What is the history of Ebola hemorrhagic fever?

Source:  What is the history of Ebola hemorrhagic fever?    Tag:  ebola hemorrhagic fever history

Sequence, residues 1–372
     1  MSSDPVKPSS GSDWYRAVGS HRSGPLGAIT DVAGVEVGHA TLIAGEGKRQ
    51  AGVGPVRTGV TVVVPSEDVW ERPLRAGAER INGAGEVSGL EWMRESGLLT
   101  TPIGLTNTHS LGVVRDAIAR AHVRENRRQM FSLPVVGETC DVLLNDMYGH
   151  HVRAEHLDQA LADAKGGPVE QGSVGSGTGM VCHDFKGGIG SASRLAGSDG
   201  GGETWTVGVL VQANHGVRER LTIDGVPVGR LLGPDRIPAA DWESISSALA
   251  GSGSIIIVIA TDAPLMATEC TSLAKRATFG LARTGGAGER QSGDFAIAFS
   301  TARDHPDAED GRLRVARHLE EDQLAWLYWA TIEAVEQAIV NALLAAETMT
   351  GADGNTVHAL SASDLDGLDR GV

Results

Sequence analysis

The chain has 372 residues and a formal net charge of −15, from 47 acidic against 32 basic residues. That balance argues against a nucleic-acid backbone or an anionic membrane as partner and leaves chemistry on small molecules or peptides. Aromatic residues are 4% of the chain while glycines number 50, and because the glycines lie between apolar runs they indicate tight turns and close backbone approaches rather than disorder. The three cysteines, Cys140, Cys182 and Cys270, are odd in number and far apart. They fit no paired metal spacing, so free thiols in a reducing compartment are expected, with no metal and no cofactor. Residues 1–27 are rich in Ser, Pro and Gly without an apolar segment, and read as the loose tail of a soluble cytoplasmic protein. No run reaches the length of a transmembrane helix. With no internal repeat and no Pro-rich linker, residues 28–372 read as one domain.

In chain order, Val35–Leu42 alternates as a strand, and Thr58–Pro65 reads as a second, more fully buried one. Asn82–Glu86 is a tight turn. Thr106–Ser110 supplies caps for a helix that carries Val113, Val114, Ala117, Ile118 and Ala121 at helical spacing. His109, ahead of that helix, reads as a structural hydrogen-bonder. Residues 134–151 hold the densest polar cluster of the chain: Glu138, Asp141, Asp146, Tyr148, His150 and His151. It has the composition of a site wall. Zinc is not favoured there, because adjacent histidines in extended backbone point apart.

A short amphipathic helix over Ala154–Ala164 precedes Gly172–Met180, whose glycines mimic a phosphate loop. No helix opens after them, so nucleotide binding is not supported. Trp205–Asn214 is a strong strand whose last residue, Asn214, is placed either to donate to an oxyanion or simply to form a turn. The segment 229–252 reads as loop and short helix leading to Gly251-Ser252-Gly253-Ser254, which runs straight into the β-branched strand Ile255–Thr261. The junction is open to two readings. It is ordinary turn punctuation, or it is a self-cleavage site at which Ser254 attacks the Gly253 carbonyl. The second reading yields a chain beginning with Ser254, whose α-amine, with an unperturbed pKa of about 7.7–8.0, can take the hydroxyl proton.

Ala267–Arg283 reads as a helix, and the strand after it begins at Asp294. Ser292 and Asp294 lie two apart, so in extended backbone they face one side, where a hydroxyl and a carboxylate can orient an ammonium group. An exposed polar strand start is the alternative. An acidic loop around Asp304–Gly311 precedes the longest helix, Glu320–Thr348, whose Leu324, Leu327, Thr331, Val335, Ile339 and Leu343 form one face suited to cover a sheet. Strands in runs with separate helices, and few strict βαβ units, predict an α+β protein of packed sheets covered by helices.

Ebola hemorrhagic fever was first noted in Zaire (currently, the Democratic Republic of the Congo or DRC) in 1976. The original outbreak was in a village near the Ebola River after which the disease was named. During that time, the virus was identified in person-to-person contact transmission. Of the 318 patients diagnosed with Ebola, 88% died. Since that time, there have been multiple outbreaks of Ebola virus, and five strains have been identified; four of the strains are responsible for the high death rates. The four Ebola strains are termed as follows: Zaire, Sudan, Tai Forest, and Bundibugyo virus, with Zaire being the most lethal strain. A fifth strain termed Reston has been found in the Philippines. The strain infects primates, pigs, and humans and causes few if any symptoms and no deaths in humans. Most outbreaks of the more lethal strains of Ebola have occurred in Africa and mainly in small- or medium-sized towns. Once recognized, African officials have isolated the area until the outbreak ceased. However, in this new outbreak that began in Africa in March 2014, some of the infected patients have reached larger city centers and have been hospitalized. Unfortunately, many people may have been exposed to the virus in the city, thus causing more infections (and deaths). This outbreak in Africa has now spread to Guinea's capital and has been detected in the neighboring countries of Liberia and Sierra Leone. About 122 infected people have been diagnosed and 78 have died as of Apr. 1, 2014. The infecting Ebola virus detected this outbreak is the Zaire strain, the most pathogenic strain of Ebola. Health agencies are terming this outbreak as an "unprecedented epidemic."